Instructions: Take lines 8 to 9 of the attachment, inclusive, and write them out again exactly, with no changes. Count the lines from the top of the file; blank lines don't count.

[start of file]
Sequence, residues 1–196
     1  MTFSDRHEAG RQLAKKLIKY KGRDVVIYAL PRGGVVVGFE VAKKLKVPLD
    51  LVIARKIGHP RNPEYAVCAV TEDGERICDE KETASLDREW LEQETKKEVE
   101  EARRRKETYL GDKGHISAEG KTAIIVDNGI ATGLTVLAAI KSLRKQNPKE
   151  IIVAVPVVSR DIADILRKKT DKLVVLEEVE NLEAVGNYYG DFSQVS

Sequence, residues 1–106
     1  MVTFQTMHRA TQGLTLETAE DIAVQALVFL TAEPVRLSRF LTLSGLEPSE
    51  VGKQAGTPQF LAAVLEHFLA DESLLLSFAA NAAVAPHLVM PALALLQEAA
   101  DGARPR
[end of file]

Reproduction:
    51  VGKQAGTPQF LAAVLEHFLA DESLLLSFAA NAAVAPHLVM PALALLQEAA
   101  DGARPR